The former tea factory settlement of Kolkhida in Khobi is home to 40 IDP families. All 8 of the 2-story buildings in the settlement have damaged walls, floors, and roofs. Rainwater easily reaches inside the buildings. The drainage, sewage, and water supply systems are out of order. Residents carry water from an artesian well located 1.5 kilometers away. The settlement does not have an outpatient clinic, so the residents receive medical care in Khobi.

The settlement has only two small trash cans, while the Khobi municipal cleaning service collects the accumulated waste only once a month.

More than 20 families own agricultural land. However, most of residents are socially vulnerable, live below the poverty line, and rely on the social and/or IDP assistance as their sole source of income.

Kolkhida settlement residents demand alternative housing, since their current buildings are no longer subject to renovation.

IDP accommodation projects of 2013-2015

According to the Ministry of IDPs, there are a total of 8,730 IDP families living in 444 settlements throughout the Samegrelo - Zemo Svaneti region. Out of these, 1,906 families have been granted legal ownership of their living space. Detailed information is presented in the table below:


Number of settlements

Number of families is these settlements

























From 2013 until September 2015, a total of GEL 2,425,569.41 was spent on renovation and construction of IDP accommodation facilities through state budget appropriations. More specifically:

  • Zugdidi, #5 Berandze Street, renovation of the former pharmacy administration building (74 apartments) – GEL 1,230,495.95
  • Poti, #7 Pirosmani Street, renovation of a building (9 apartments) – GEL 159,877
  • Khobi, village of Kheta, renovation of the former vocational school building (installation of a wastewater treatment plant (septic tank)) – GEL 111,124.31
  • At present, a residential building (144 apartments) is being constructed on #7 Baramia Street in Zugdidi. Tenders will be announced for the construction of two additional buildings (288 apartments in total) in the residential complex in the near future. The construction of the first building costs Gel 6,775,000, out of which Gel 925,376.4 has already been spent.
  • Also in Zugdidi, the German Reconstruction Credit Bank (KFW) funded the construction of 8 residential buildings with 256 apartments for a total of GEL 10 million.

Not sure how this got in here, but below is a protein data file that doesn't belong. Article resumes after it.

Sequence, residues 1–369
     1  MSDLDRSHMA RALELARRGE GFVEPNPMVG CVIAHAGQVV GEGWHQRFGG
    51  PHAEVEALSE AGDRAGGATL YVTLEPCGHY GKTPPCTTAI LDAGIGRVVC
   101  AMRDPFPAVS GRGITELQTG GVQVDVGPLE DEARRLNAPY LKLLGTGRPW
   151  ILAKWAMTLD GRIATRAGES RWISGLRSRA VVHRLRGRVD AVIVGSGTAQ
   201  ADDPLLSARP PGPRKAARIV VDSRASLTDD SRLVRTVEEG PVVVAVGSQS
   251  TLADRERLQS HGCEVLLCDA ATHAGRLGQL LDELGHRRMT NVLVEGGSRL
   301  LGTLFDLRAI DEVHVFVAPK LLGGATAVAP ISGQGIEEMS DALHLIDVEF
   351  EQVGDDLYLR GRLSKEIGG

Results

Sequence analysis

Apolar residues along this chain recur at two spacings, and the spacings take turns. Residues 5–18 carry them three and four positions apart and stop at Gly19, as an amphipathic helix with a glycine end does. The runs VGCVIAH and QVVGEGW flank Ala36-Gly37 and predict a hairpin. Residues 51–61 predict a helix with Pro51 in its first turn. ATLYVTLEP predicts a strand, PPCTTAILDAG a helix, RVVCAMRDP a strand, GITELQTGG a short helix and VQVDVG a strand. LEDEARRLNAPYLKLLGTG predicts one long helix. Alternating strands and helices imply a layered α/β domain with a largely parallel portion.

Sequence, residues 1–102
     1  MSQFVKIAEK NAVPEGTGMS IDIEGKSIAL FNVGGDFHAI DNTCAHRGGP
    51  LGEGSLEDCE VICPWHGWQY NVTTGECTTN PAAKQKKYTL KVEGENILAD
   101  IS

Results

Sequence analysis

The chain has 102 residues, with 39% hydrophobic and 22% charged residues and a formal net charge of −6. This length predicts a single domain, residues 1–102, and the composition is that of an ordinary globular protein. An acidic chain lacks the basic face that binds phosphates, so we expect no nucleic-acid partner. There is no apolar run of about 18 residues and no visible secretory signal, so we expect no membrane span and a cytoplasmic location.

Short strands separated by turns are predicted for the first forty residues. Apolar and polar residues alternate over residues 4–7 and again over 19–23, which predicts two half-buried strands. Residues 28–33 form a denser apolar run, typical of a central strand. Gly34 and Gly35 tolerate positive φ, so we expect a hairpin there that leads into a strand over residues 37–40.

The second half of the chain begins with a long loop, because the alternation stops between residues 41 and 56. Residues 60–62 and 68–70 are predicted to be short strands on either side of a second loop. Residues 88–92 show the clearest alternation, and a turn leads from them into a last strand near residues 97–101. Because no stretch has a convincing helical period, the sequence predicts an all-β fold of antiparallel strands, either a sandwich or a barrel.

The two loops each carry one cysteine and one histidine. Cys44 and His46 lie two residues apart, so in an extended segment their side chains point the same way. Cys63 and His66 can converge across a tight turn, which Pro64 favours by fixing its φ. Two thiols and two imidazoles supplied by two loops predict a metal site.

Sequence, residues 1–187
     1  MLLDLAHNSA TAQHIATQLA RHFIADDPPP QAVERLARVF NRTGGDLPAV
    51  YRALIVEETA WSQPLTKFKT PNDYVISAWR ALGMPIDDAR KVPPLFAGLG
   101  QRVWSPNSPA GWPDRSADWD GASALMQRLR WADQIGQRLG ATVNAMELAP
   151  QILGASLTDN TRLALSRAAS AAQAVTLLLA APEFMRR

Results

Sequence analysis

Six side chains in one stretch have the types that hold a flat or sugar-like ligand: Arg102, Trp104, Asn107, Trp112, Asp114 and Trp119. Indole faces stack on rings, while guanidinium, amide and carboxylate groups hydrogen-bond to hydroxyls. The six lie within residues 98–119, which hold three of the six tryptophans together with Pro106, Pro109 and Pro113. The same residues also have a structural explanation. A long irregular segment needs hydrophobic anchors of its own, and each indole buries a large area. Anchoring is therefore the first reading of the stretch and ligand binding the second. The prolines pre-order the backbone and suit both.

TI Georgia’s stance on IDP accommodation and access to livelihoods

Even though the Georgian government made significant progress in renovating IDP collective centers over the years, many issues remain due to the scale of the overall problem. Renovation works are often of low quality due to lack of oversight. Consequently, most collective centers are still in need of renovation.

A significant portion of the IDPs still live in harsh conditions. The process of their social and economic integration is slow and difficult. Most IDPs living in collecting centers are socially vulnerable.

In addition to improving IDP living conditions, the government needs to implement other activities outlined in the Strategy for Providing Access to Livelihoods for IDPs. The chief objective of the strategy is to provide IDPs with vital assistance, such as food and health care. In addition to providing long term accommodation and renovating collective centers, the strategy envisions the creation of conditions enabling IDPs to have access to essential livelihoods. Targeted projects need to be implemented for smaller target groups with specific needs.

The Georgian government must ensure that IDPs in all collective centers have access to livelihoods, and the necessary social and medical infrastructure (school, employment, health care, transport). Currently, many collective centers fall behind in this regard.

Author: TI Georgia